Good news, ladies: A few months back, we reported that the National Institutes of Health (NIH) intended to make a change in the huge bias toward male participants in clinical trials by encouraging researchers to start using female tissues, cells, and lab animals in their experiments. (It was feared for decades that hormonal fluctuations could skew results.) Now, we’ve seen this plan come to fruition: The NIH has invested $10.1 million in supplemental funding to help scientists bolster their existing research projects and explore the effects of sex on everything from cardiovascular physiology to behavioral health.
“This investment encourages researchers to study females and males, and is a catalyst for considering sex as a fundamental variable in research. The current overreliance on male subjects in preclinical research can obscure key findings related to sex that could guide later human studies,” the press release explains.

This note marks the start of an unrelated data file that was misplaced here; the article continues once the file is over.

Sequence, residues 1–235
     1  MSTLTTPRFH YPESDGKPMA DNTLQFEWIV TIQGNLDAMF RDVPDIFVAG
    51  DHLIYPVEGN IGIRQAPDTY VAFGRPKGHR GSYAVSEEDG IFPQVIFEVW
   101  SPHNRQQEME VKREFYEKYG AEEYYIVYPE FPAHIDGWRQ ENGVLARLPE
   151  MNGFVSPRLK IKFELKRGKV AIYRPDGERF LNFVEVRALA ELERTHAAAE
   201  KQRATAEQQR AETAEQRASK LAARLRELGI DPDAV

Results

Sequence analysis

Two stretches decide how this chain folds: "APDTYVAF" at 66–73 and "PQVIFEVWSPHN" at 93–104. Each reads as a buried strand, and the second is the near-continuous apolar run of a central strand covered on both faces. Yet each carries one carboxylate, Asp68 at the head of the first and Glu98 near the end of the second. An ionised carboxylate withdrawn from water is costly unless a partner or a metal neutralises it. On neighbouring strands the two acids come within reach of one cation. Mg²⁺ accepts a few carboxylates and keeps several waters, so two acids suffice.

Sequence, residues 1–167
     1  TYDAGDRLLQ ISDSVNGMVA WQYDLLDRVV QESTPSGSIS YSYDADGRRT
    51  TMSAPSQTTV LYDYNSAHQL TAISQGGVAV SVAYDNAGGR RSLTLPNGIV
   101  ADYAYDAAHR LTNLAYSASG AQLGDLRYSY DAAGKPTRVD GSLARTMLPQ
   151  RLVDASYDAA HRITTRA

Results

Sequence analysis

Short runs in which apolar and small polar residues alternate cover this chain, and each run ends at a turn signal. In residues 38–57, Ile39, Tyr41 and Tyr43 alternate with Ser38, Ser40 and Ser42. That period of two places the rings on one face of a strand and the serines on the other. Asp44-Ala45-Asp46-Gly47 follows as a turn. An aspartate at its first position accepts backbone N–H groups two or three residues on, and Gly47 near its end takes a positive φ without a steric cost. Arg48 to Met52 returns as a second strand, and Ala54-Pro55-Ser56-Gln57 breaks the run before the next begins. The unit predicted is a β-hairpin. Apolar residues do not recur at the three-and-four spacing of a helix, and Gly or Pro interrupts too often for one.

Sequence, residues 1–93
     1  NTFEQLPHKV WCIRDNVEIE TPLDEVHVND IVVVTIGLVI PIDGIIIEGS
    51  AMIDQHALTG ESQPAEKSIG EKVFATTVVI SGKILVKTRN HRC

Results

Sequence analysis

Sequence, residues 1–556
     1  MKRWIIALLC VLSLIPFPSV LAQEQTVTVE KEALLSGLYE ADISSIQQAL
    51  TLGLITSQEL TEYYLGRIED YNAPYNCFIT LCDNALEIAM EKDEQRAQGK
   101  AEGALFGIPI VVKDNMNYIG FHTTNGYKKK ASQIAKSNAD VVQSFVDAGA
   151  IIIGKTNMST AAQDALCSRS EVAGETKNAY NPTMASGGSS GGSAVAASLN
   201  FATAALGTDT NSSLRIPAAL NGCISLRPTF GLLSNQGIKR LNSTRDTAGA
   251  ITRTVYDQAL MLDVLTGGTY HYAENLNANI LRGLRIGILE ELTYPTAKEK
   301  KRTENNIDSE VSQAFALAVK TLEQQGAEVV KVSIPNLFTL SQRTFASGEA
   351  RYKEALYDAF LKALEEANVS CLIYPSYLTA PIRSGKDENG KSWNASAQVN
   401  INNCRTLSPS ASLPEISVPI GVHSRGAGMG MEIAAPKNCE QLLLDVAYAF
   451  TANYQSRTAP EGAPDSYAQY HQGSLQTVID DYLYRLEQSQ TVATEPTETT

These 'key findings' currently obscured by the lack of female participants? Everything from the way basic sex differences can cause drastically different responses to prescription drugs, to how diseases impact men and women differently. “This funding strategy demonstrates our commitment to moving the needle toward better health for all Americans,” said Janine Austin Clayton, M.D., NIH associate director for women’s health research. Now this is some research we can get behind.